By Wendy Meyeroff
We take pride in hiring top-tier individuals,” says Robert Sexton, associate director/learning program leader at Novartis Pharmaceutical’s Oncology Global Development Education Office. Well, of course. Doesn’t everyone?
And because everyone in biopharma hires such “top-tier individuals,” there’s no real reason to worry much about training them, right?
Voiced aloud, the question probably sounds ridiculous. Yet, as we explored this topic we heard regularly that not all biopharma executives see any need for formal training of their personnel. Instead, most managers have to cull training dollars out of the overall budget of their specific departments — if they even look for the money.
Where Training Is Needed
There is actually an astonishing array of issues in which biopharma personnel need training. Some are clinical, such as meeting lab cleaning compliance issues, understanding and meeting FDA requirements for product safety, and understanding specifics on coping with EU regs. Others are more business-oriented, such as managing your lab, writing effective SOPs and procedural documents, and applying good manufacturing practices (GMPs). Understanding the latter, experts agree, is a major factor in receiving approval for any biopharma product brought to market.
Despite all these needs, many companies only come (often reluctantly) to training in response to outside regulatory pressures. Other times, courses are sought or established through corporate insight, as was Sexton’s situation. His job, in a department created only about a year ago, involves ascertaining the best training method for whatever needs to be taught to his group and providing it.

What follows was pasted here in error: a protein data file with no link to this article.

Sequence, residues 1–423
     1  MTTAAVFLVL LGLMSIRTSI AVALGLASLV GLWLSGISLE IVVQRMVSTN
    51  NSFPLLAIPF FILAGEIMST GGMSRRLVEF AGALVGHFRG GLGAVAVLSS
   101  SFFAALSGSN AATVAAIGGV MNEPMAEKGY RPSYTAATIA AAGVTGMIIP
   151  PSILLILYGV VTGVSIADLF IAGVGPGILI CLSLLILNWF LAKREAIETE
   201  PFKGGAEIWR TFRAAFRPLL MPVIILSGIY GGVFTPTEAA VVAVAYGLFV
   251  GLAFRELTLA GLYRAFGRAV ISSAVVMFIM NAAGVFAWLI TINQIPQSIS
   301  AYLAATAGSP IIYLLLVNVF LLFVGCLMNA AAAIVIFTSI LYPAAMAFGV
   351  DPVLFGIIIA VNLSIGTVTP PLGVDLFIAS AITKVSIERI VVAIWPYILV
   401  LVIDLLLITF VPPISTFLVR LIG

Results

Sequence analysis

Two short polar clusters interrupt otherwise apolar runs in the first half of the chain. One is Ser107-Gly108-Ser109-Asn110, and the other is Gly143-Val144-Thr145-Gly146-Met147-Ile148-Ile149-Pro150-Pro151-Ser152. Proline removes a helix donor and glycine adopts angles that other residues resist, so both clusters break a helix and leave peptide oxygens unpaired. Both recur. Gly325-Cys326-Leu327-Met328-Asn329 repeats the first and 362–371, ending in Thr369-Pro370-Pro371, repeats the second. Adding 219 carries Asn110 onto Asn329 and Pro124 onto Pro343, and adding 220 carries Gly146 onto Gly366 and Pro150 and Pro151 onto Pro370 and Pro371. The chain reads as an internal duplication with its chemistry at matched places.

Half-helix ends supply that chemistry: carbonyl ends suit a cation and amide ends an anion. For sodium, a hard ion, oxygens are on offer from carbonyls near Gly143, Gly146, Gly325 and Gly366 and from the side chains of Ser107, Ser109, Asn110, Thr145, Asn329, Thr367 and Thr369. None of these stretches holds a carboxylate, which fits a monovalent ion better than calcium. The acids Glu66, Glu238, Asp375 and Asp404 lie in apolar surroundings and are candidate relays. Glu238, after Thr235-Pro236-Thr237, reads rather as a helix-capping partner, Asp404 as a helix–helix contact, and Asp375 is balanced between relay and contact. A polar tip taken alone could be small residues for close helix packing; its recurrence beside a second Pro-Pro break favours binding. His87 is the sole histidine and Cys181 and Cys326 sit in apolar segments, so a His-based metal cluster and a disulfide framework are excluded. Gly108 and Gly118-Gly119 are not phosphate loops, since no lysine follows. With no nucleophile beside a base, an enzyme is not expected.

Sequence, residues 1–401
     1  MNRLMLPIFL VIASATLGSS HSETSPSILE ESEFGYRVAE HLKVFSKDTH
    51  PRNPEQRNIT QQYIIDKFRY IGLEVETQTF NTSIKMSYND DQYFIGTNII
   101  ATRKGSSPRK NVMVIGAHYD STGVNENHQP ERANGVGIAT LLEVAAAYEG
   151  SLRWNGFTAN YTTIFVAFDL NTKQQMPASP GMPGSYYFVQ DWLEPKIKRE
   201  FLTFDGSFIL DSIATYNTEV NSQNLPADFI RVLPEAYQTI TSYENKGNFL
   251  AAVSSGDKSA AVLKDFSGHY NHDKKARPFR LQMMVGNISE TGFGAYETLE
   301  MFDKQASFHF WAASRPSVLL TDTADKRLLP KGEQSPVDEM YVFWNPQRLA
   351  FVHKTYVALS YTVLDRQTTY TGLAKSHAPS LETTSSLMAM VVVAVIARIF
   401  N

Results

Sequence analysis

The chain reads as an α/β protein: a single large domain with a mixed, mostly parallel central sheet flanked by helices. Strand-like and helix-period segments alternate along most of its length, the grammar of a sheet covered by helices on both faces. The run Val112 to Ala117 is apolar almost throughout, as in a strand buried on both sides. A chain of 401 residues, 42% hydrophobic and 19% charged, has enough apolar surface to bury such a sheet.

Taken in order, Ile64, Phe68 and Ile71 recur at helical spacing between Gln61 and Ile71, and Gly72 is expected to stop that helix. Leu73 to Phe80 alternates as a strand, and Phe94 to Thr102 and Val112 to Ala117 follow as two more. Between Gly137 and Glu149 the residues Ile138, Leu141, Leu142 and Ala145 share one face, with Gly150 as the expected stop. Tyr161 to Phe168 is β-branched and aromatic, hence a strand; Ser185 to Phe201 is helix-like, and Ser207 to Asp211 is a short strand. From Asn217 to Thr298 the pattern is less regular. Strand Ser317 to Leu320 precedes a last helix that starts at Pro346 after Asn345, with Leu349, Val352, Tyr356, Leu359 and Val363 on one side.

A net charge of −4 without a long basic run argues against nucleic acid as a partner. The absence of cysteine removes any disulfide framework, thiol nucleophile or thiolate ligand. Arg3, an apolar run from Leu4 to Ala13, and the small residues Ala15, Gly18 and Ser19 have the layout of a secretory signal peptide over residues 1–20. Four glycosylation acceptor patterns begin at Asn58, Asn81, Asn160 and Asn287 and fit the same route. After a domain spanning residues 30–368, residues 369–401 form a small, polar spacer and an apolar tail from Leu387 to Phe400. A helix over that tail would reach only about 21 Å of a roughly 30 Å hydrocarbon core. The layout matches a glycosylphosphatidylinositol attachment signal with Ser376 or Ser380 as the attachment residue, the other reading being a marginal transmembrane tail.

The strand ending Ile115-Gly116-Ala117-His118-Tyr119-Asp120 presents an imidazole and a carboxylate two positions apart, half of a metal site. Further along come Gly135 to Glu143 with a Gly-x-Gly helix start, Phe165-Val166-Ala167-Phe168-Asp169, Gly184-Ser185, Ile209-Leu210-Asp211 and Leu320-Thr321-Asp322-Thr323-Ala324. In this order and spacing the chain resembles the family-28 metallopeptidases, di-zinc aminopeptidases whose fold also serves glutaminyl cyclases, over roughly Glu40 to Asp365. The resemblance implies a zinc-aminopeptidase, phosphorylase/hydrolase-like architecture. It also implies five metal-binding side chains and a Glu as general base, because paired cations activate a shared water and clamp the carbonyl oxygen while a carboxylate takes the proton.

Why even create such a learning department? “It was determined that we needed organizational agility that promoted rapid deployment of new techniques, new knowledge in anything. It could be in computer use, new management skills, or new methods of clinical development,” says Sexton. “As those changes come about, we want to ensure our people have the information they need to implement them expeditiously.”
Definite Cost Concerns
“Upper management often sees training as an unnecessary expense on the bottom line,” says Bill Beyer, director of marketing at the Center for Professional Innovation and Education (CfPIE). CfPIE supplies training and certification in biotech/pharmaceuticals, medical devices, and skin/cosmetics products.
The expense of training was a concern even before the recession, but it’s been exacerbated over the last few years. Two- or three-day training sessions can cost from $1,800 to over $2,500 per person — and that’s just the class fee. When a class is off-site, there are additional expenses such as transportation, meals, and housing.
Leslie Orischak understands the financial pinch of training even more acutely than many larger companies. That’s because she is the VP/general manager of Puresyn, a nine-person company in Malvern, PA, that provides proprietary polymer technology for the separation and purification of nucleic acids and other biological molecules. “We don’t have budgeted training money, so we obtain state grants for training,” she says.
There are also less tangible costs to training, such as those Sexton faces when choosing options for high-level personnel such as clinical trial managers, outsourcing managers, and doctors (e.g. M.D.s) who are program leaders.
Feedback from these people indicated a need for a course on managing interactions with their clinical research organizations. Sexton could have turned to Novartis’ own experts to teach the class internally, but he determined that wasn’t the most productive solution. “The people who would have had to teach it are fairly high up and didn’t have two days to devote to training,” he says, pointing out their time was better spent elsewhere. Instead his experts provided CfPIE with input as to what the class needed, and then CfPIE developed and taught the class.